From: Brotsky
02-Dec-19
You need to go further west Pat, lots further. I will not say there’s not trespassing but we are less removed from the times when they were shot on sight so it is a little less common. :-)

From: Scoot
02-Dec-19
T, you heard wrong! Ryan, 3 off his buddies, and 2 of my buddies and I met Nick and 8 of his pals and we had a blast at your place! We only killed 11 deer, but we hit 9 more. I didn't miss any because GG taught me to shoot instinctively and I limit my shots to 4 yards, because anything longer is unethical. I encouraged Ryan to fling at anything inside of 100 yards though. It was great!

02-Dec-19
If the access to the public land made getting to your border hard for the hunters who hunt there, I’d say role with it. However, if it was part of a land system that allowed atv’s, I’d likely pass. Unless there were no access for them close to the line.

Buying private ground that borders public land can be great. If the circumstances are right. However, know no matter the situation, not every one is on board with growing deer big enough for your standards. That doesn’t change regardless of public or private holdings bordering your boundary. But, With as sorry as most eastern deer hunters are, that doesn’t always equal bad news.

It’s the land of the crossbow. I’m certain not a lot of those guys are carrying the awkward things that far. Keep that in mind.

From: JTV
02-Dec-19
Esp. In Ohio, crossbow is king there....

02-Dec-19
Just don't buy land next to Jim's land and dump any corn close to the fence. He will call your ass out on it!

I kid... I kid!!! :)

From: t-roy
02-Dec-19
That’s what I get for getting my info from Brotsky, scoot!

From: Brotsky
02-Dec-19
Well t-roy I guess you only need to figure out who Scoot’s other buddy was now! :-)

From: LBshooter
02-Dec-19
I would go,with your first instincts, no borders with public land. How can you practice qdma if public hunters are shooting anything that's brown. It not a matter of if they trespass or sit on your borders it's a matter of when. I'd look else where for private land with no public bordering. You have waited this long , alittle more time looking won't hurt you.

From: APauls
03-Dec-19
If the property turns out to be what you hope you are guaranteed guys sitting the edge if not worse. If that drives you mental, well, then there’s your answer. If the property sucks, maybe no problem, but then the property sucks :(

03-Dec-19
"If the property turns out to be what you hope you are guaranteed guys sitting the edge if not worse."

And that guy is going to be ME. Doing a live hunt with pics of my boots and your land at my 12.

From: Bou'bound
03-Dec-19
we all share deer regardless so go for it if you like the land. you can hunt the public too and if you learn it well you have the benefit of a lot more access than you are paying for. people can only kill so many deer and there is a lot more left for others when their tag is filled.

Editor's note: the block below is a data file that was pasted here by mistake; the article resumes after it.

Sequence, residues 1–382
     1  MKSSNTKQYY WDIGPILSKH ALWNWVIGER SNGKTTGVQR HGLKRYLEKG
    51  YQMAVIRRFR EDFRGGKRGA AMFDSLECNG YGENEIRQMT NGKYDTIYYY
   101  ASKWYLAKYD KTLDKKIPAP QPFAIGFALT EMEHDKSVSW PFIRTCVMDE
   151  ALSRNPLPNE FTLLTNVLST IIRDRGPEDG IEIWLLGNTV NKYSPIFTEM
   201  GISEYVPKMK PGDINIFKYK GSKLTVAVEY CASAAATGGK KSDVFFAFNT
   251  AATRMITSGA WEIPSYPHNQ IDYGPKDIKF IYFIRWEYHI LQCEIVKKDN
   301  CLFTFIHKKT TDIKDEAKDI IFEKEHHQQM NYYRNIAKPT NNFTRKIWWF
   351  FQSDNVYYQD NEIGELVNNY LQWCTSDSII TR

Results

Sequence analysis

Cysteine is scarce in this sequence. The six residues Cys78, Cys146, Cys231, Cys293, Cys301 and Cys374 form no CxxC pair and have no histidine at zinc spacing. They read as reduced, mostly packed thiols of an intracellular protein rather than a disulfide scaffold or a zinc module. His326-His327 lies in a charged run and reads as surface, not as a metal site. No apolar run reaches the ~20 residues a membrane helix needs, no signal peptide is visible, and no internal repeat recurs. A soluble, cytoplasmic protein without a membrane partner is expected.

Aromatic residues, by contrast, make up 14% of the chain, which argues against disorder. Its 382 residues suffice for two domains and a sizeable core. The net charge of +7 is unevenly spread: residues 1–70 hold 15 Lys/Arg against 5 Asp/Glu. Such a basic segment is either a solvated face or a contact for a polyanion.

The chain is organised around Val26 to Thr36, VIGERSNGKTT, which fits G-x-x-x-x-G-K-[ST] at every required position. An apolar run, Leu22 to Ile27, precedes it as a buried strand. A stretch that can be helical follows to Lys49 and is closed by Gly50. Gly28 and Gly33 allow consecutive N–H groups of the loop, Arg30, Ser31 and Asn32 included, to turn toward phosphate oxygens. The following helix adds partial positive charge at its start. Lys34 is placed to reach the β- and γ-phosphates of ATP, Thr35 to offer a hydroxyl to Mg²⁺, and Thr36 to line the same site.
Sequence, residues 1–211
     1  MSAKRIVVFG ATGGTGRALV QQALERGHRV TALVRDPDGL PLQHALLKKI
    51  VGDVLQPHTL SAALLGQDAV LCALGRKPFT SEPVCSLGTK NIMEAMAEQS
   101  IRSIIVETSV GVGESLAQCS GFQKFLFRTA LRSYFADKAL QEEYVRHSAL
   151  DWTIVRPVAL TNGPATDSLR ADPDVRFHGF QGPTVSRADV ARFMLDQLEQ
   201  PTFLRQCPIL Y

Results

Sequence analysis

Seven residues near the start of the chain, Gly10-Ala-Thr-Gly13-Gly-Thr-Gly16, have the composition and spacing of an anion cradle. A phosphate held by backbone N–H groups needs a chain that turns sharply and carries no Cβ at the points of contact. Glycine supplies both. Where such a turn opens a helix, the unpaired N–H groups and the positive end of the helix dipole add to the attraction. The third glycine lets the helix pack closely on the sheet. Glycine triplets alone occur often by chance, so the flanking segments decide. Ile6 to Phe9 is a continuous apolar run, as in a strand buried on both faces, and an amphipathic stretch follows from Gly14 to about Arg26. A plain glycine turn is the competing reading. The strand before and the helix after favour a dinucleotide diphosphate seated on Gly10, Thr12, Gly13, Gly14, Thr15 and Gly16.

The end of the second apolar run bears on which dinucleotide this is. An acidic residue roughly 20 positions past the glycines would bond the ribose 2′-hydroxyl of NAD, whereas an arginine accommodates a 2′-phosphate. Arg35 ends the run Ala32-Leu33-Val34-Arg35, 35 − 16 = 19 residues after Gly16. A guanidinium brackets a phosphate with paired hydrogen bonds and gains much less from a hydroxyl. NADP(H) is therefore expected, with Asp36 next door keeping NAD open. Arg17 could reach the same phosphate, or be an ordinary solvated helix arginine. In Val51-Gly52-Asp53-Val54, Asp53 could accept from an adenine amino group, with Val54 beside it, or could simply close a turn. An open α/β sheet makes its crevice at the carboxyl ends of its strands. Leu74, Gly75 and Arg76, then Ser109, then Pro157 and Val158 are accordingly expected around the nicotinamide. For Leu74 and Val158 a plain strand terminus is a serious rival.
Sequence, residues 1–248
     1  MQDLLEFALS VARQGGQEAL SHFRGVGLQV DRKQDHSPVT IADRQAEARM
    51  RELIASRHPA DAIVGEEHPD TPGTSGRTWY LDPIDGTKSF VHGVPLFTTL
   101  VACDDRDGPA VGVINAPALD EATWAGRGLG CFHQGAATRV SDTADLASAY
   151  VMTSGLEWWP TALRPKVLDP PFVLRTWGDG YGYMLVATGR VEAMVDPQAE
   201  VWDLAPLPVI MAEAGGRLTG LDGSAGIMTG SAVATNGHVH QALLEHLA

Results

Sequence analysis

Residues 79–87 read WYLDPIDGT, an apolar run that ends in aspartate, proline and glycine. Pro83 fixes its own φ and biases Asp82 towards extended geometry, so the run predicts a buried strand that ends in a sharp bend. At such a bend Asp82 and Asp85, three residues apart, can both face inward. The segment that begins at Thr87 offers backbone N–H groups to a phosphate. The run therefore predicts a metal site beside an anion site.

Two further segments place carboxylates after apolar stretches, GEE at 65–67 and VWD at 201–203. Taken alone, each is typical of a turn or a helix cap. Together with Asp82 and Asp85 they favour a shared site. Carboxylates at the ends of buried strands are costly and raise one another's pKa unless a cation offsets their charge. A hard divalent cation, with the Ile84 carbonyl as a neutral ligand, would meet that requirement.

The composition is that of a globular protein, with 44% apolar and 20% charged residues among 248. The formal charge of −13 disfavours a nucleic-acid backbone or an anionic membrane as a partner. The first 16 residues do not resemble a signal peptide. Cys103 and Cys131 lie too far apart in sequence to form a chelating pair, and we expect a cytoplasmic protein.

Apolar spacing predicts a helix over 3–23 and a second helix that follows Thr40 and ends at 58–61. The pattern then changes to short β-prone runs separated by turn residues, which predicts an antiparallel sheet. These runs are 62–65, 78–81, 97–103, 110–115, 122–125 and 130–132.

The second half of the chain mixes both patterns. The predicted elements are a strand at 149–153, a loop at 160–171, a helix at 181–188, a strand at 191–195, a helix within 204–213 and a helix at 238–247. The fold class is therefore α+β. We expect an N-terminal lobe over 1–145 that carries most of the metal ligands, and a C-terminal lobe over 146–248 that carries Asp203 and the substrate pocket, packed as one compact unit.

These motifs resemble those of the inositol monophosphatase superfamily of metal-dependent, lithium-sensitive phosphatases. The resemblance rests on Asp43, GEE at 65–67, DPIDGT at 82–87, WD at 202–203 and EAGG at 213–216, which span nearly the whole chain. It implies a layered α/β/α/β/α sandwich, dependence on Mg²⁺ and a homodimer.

From: Bou'bound
03-Dec-19
I like your strategy too. keep getting westward access until you get to Kansas.

start in CT, you have NY, and PA, buy a little OH, then tag on IN, IL, and IA and whallah you are in KS and you can just keep driving and hunting your own land until to get to Cimmaron each year. It;s like the Lefemine verison of Lewis and Clark.

From: leo17
03-Dec-19
Bou that right there is funny. I try and do something similar each year but it’s more like The dumb and dumber road trip.

From: Trial153
03-Dec-19
Public in Ohio sees way more pressure then public in NY or anyplace in the NE. Ohio is amazing to me, it’s unreal how good it is on private land considering the amount of pressure the state receives from residents, non residents and Outfitters that run tons of guys through the leases.

No way I would pay for property that will be subjected to the amount of pressure from public land on its borders.

From: SixLomaz
03-Dec-19
Settled then. Pat just PM me please the property info. I am interested in moving to Ohio in a few years.

From: South Farm
03-Dec-19
Pat, from the amount of work you put into your land, if I were you I'd run, not walk, from land that borders public property. Why put all that effort into your property only to have every Tom Dick and Harry setup on the property line and leapfrog your efforts? That's if they stay ON THEIR SIDE OF THE LINE...which many won't once they learn you're not there all the time. Might sound good on paper, but I honestly think it'll keep you up at night wondering who's sneaking in the back. I'd keep looking; the perfect property is out there somewhere.

From: 12yards
03-Dec-19
The only state I would buy private next to public would be IA.

From: bigswivle
03-Dec-19
Everything is public to all the KY residents I met when we owned our place in wester KY. “I’ve been hunting this place for 30 yrs, that’s not gonna change because you own it now” direct quote from my first encounter with a trespasser

From: KHNC
03-Dec-19
That is 100% true about Kentucky in my experience too! I constantly ran into GUN hunters on the BOW ONLY properties I hunted over the years. Reporting to DNR didnt even seem to help. Plus many of the so called hunters in KY are just plain thieves! Many great people in that state, but more thieving POS punks than i have encountered in any other state ive hunted.

03-Dec-19